J Reconstr Microsurg 2020; 36(08): 549-555
DOI: 10.1055/s-0040-1710553
Original Article

Head and Neck Microsurgeon Practice Patterns and Perceptions Regarding Venous Thromboembolism Prophylaxis

Kaushik P. Venkatesh*
1  Department of Plastic Surgery, University of Pittsburgh Medical Center, Pittsburgh, Pennsylvania
,
Shoshana W. Ambani*
1  Department of Plastic Surgery, University of Pittsburgh Medical Center, Pittsburgh, Pennsylvania
2  Department of Plastic Surgery, Henry Ford Allegiance Health System, Jackson, Michigan
,
Aris R.L. Arakelians
1  Department of Plastic Surgery, University of Pittsburgh Medical Center, Pittsburgh, Pennsylvania
,
Jonas T. Johnson
3  Department of Otolaryngology, University of Pittsburgh Medical Center, Pittsburgh, Pennsylvania
,
Mario G. Solari
1  Department of Plastic Surgery, University of Pittsburgh Medical Center, Pittsburgh, Pennsylvania
3  Department of Otolaryngology, University of Pittsburgh Medical Center, Pittsburgh, Pennsylvania
› Author Affiliations
Funding None.

Abstract

Background Patients undergoing head and neck (H&N) microvascular reconstruction comprise a population at high risk for venous thromboembolism (VTE). Free flap and VTE thromboprophylaxis may coincide but tend to vary from surgeon to surgeon. This study identifies VTE prophylaxis patterns and perceptions among H&N microsurgeons in the United States.

Methods An online survey on VTE prophylaxis practice patterns and perceptions was emailed to 172 H&N microsurgeons in the United States using an anonymous link.

Results There were 74 respondents (43% response rate). These surgeons completed residencies in otolaryngology (59%), plastic surgery (31%), and oral maxillofacial surgery (7%). Most underwent fellowship training (95%) and have practiced at an academic center (97%) for at least 6 years (58%), performing an average of 42 ± 31 H&N free flap cases per year (range = 1–190). Most adhered to general VTE prophylaxis guidelines (69%) while 11% did not and 20% were unsure. Nearly all surgeons (99%) would provide prophylactic anticoagulation, mostly in the form of subcutaneous heparin (51%) or enoxaparin (44%); 64% additionally used aspirin, while 4% used aspirin alone. The majority of surgeons (68%) reported having postoperative VTE complications, with six surgeons (8%) reporting patient deaths due to pulmonary embolism. A third of the surgeons have encountered VTE prophylaxis-related adverse bleeding events, but most still believe that chemoprophylaxis is important for VTE prevention (92%). While 35% of surgeons were satisfied with their current practice, most would find it helpful to have official prophylactic anticoagulation guidelines specific to H&N free flap cases.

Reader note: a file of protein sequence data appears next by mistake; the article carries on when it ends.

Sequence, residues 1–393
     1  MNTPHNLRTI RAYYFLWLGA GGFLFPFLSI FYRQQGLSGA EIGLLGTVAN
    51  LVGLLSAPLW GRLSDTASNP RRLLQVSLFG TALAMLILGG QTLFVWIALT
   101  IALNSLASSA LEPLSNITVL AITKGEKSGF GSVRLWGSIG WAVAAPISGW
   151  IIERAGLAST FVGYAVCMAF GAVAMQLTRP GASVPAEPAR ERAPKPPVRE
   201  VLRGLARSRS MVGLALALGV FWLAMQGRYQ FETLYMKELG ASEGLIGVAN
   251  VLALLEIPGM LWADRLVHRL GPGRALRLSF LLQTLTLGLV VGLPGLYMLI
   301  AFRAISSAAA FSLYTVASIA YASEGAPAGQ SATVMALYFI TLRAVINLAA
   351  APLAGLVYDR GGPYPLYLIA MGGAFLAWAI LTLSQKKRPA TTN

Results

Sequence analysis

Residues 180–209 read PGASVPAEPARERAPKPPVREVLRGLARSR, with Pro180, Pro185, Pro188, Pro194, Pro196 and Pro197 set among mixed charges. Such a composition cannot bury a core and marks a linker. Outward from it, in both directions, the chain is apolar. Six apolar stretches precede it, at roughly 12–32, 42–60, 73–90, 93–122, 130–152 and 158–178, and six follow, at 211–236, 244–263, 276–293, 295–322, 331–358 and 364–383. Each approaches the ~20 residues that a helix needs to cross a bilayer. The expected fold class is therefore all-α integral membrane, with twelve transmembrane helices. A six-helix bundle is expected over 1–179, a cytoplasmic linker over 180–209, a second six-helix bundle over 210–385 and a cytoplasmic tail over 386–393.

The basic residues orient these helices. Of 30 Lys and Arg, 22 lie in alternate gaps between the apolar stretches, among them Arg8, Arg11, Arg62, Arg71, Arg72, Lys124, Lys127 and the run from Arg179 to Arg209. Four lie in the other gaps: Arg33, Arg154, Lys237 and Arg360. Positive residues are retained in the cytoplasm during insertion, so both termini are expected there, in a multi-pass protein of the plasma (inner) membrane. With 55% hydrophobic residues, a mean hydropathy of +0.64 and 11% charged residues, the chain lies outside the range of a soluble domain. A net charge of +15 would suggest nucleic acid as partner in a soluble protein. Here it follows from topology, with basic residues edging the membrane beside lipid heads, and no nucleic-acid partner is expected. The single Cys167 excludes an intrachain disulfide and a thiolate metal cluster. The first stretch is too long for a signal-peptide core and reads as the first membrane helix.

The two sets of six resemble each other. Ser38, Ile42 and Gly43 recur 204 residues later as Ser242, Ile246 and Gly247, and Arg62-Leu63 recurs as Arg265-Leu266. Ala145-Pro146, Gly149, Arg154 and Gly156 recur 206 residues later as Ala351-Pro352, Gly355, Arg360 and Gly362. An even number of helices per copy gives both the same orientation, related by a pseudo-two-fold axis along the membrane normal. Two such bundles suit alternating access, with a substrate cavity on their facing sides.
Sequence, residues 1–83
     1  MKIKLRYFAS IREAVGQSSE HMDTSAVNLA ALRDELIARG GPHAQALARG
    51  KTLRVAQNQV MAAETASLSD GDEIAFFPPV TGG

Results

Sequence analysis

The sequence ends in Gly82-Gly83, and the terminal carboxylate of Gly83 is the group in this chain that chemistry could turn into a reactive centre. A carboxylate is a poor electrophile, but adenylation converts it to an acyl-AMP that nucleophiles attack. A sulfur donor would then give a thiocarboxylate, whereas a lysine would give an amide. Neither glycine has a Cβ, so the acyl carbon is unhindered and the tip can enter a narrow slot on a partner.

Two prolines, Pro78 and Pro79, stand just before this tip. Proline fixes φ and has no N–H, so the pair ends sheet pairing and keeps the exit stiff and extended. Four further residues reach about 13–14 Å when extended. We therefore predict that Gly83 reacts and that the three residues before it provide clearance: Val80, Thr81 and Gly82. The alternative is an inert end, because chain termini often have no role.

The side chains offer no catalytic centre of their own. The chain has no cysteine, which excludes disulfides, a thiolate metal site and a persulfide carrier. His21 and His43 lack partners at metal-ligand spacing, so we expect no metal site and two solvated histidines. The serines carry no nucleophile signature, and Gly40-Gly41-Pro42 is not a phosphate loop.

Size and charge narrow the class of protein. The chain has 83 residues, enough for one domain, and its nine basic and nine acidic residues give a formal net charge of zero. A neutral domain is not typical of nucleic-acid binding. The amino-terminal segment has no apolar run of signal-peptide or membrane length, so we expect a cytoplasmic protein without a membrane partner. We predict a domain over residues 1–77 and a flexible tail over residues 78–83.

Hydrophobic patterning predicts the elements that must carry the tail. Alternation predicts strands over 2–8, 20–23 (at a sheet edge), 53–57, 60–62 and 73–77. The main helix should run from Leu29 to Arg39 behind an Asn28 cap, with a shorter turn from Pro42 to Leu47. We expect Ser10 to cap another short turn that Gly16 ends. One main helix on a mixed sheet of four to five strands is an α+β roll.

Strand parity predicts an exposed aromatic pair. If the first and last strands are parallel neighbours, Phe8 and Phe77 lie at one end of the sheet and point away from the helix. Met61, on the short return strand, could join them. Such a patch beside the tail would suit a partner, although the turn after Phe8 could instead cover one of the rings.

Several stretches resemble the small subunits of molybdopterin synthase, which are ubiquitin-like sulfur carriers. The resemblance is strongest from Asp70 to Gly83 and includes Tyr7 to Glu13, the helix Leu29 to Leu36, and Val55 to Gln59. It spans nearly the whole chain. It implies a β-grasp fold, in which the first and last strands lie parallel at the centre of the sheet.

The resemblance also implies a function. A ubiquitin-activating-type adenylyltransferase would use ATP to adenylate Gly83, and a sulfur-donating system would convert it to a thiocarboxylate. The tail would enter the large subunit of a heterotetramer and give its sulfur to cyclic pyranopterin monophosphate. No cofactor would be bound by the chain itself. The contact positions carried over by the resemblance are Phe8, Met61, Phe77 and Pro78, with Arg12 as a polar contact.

Conclusion The majority of microsurgeons experienced postoperative VTE complications after H&N free flap reconstruction despite the routine use of prophylactic anticoagulation. Though bleeding events are a concern, most surgeons believe chemoprophylaxis is important for VTE prevention and would welcome official guidelines specific to this high-risk population.

Note

Preliminary results were presented as a podium presentation at the 63th Annual Robert H. Ivy Pennsylvania Plastic Surgery Society Meeting, in Philadelphia, PA, April 2017, and as a poster at the 60th Annual Meeting of the Ohio Valley Society of Plastic Surgeons, in Pittsburgh, PA, June 2017. This manuscript presents our final data and analysis.


Ethical Considerations

This study was approved by the University of Pittsburgh Institutional Review Board and was performed in accordance with the principles set forth in the Declaration of Helsinki.


* These authors acted as co-first authors.




Publication History

Received: 08 February 2020

Accepted: 11 April 2020

Publication Date:
14 May 2020 (online)

Thieme Medical Publishers
333 Seventh Avenue, New York, NY 10001, USA.